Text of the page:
|WARM WEATHER FISHING AND WORM FISHING TIPS|
|Wednesday, 29 June 2011 19:59|
WARM WEATHER FISHING AND WORM FISHING TIPS – Oklahoma Outdoors: June 16, 2011
The summer heat wave is here, so fishing tactics have to change. Fish early and stay late in this heat. Older fishermen, like myself, have had skin cancers melted off while we watched smoke spiraling off our face and arms. Be sure to wear sunscreen, broad brim hats and fishing shirts. I wear Bass Pro Shop’s “World Wide Angler” shirts that are thin and cool. They even have air vents to let a little breeze in.
Topwater lures like PRADCO Lure Company’s Smithwick Devil’s Horse, REBEL POP R, Stanley spinnerbaits and Ribbit Frog are good lures to use early and late. Don’t forget Rat-L-Traps for schooling fish.
Putting your rods and reels in the back of a pickup truck is no way to treat high-dollar fishing tackle. The best way to haul rods and reels is in a bag I got at the BPS. It’s called the “Extreme Combo Caddy.” It will secure as many as eight rods up to seven feet long with reels attached. It’s made of heavy-duty water resistant material, is padded and will protect your gear. It’s listed on pg. 169 of the Spring 2011 Fishing Catalog. I keep my rods in it all the time.
Currently, I am reading ROLAND MARTIN’S 101 BASS CATCHING SECRETS. I have met Roland on several occasions and he’s a fishing machine. This book tells you how and why you use different rods and lures to be a successful angler.
Here’s an example from Roland’s book: The six-inch dark grape or purple worm rigged Texas-style is the most popular of all the rigs. A poll of plastic worm manufacturers revealed that of all their worms sold, nearly 40% are six-inch purple or dark grape. The second choice is six-inch black. Black is an extremely popular color during spawning season. The third most popular size and color is the six-inch blue worm. Blue seems to be a particularly good hot-weather color after the fish have spawned and moved to deeper water. Red and green colors also sell pretty well.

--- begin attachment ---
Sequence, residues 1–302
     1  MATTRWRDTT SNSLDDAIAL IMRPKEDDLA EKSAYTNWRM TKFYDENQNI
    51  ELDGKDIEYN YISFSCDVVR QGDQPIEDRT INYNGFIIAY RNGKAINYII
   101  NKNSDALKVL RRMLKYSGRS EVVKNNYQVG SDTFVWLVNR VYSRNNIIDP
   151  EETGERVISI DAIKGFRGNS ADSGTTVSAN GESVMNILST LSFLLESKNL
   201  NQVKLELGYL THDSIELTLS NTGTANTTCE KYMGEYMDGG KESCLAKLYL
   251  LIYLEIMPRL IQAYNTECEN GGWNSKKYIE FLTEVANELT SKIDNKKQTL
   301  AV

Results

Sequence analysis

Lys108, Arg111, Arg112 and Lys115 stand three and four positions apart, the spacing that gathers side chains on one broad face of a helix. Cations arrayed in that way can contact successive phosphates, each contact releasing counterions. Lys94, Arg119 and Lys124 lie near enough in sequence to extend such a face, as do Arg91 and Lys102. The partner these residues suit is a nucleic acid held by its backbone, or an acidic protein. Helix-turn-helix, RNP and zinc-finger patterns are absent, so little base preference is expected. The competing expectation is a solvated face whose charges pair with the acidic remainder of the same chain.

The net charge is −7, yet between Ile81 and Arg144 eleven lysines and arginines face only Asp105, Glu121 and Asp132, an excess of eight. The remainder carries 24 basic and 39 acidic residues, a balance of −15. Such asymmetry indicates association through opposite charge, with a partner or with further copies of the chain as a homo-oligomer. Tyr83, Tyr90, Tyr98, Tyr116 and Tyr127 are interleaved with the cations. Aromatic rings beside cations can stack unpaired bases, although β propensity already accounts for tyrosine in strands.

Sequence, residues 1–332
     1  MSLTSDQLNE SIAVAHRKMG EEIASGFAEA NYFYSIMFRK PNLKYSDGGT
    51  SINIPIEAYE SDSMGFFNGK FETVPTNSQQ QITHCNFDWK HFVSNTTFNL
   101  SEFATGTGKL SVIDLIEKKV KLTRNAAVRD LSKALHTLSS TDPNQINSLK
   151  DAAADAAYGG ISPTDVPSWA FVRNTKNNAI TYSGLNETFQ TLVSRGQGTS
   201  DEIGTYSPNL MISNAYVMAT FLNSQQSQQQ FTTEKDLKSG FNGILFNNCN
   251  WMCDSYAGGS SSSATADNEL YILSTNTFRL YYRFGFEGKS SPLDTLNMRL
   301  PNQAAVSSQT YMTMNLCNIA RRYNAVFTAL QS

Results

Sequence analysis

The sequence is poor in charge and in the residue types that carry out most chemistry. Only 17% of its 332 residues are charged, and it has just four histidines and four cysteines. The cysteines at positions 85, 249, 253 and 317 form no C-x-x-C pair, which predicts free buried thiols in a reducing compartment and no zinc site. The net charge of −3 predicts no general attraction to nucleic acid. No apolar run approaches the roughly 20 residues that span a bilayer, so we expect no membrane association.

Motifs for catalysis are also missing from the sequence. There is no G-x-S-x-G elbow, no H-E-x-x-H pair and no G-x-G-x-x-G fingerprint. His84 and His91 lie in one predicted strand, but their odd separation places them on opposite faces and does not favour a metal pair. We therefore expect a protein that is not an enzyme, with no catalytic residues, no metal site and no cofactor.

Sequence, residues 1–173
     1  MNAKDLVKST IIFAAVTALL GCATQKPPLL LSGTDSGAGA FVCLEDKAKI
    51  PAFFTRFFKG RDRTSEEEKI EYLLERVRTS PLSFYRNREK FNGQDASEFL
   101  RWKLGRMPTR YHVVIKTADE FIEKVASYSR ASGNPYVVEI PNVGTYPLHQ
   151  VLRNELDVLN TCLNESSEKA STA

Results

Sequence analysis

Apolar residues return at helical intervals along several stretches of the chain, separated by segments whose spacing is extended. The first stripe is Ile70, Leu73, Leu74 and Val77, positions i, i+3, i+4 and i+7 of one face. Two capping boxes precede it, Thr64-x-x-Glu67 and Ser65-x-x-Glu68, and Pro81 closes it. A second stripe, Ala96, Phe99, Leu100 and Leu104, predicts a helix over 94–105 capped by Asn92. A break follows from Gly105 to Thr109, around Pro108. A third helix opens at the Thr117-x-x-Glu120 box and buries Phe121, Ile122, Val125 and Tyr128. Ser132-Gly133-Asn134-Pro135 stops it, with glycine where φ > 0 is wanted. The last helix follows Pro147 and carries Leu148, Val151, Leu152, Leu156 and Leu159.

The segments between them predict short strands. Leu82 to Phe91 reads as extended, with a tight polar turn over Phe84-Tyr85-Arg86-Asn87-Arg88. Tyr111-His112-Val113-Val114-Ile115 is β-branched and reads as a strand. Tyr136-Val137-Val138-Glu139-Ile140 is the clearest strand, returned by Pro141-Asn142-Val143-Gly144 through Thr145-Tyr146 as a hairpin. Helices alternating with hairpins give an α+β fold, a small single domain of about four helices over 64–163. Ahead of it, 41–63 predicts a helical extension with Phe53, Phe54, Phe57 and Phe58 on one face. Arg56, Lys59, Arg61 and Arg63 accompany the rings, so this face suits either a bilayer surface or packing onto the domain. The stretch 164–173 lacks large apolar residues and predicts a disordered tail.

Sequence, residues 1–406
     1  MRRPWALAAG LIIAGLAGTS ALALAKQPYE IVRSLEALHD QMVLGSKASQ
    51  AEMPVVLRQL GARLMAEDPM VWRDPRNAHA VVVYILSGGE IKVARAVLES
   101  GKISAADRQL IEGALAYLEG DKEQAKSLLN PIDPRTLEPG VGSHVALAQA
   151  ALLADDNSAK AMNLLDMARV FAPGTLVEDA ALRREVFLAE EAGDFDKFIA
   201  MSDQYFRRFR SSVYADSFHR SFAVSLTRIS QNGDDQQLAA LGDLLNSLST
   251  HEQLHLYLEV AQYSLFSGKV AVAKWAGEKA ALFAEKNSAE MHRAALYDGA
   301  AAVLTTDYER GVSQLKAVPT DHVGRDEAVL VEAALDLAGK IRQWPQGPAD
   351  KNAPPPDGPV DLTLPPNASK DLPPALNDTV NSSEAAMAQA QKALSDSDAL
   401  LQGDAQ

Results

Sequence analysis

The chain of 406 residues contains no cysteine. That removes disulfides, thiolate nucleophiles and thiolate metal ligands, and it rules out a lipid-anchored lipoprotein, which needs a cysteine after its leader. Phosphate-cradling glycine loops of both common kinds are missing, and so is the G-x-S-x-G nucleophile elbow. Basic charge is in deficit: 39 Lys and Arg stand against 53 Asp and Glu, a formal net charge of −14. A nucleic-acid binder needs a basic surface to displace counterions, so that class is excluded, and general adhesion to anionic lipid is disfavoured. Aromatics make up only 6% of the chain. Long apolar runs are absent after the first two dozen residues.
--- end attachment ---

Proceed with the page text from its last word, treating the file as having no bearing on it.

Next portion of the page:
In a recent FIELD AND STREAM article, they selected green pumpkin as the best all-around color. Local Hugo Lake anglers prefer blue and black colored plastics and white spinnerbaits with blaze orange blades.
Roland prefers five or six inch worms for catching medium size bass. He catches more keepers on the six-inch worm. If he’s after trophy fish, he uses eight, nine and even 10-inch worms. Very few bass are caught on plastic worms in water cooler than 55 degrees. Plastic worms start when the water temperature reaches 60 to 65 degrees.
In the book, Roland says “I prefer a 3/0 hook with a six-inch plastic worm; a 4/0 for a seven- inch worm; a 5/0 for an eight-inch worm and a 6/0 for a nine-inch worm.”
For worm weights, he likes a 1/16 oz. lead for 8 to 10 pound test line. With light line in ultra-clear water, he uses a 3/8 oz. slip sinker for 30 feet of water. With heavier lines, you need heavier worm weights. In 4 to 5 foot depth of water, he uses a 1/8 oz. weight.
If you’re interested in how to be a better fisherman, then buy his book. And, please use plenty of sunscreen.